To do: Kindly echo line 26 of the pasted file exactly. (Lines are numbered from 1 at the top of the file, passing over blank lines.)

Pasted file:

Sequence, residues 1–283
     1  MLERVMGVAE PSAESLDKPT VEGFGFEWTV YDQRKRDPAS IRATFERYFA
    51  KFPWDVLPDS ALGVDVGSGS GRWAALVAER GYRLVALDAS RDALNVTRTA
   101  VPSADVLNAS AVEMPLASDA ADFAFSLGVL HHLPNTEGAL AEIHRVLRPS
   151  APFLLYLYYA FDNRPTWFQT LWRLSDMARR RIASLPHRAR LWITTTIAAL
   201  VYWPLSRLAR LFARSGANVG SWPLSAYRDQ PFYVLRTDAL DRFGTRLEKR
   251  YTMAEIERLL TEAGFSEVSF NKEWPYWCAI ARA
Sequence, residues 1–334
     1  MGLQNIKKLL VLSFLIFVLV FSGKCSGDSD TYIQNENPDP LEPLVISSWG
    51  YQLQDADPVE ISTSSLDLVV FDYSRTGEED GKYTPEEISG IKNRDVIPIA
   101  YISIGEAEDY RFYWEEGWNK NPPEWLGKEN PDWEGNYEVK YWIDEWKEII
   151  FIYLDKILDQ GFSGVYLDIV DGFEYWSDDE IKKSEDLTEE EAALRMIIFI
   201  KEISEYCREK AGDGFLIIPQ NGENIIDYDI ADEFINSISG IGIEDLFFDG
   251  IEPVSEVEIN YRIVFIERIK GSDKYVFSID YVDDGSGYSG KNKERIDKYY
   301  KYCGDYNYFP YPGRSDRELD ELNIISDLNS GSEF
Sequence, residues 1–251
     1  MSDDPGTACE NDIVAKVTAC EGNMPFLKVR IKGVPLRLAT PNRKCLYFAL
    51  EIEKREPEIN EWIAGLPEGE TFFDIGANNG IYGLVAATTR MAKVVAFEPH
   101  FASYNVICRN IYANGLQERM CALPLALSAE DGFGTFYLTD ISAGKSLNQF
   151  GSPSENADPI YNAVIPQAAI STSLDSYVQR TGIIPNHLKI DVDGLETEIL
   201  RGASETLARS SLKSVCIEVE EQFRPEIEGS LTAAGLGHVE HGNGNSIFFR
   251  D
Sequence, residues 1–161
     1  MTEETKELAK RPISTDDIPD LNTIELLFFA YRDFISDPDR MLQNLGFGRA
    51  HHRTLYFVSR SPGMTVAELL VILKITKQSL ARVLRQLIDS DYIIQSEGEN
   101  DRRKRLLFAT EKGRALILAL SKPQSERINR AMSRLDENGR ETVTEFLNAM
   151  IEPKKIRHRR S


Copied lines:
   101  DRRKRLLFAT EKGRALILAL SKPQSERINR AMSRLDENGR ETVTEFLNAM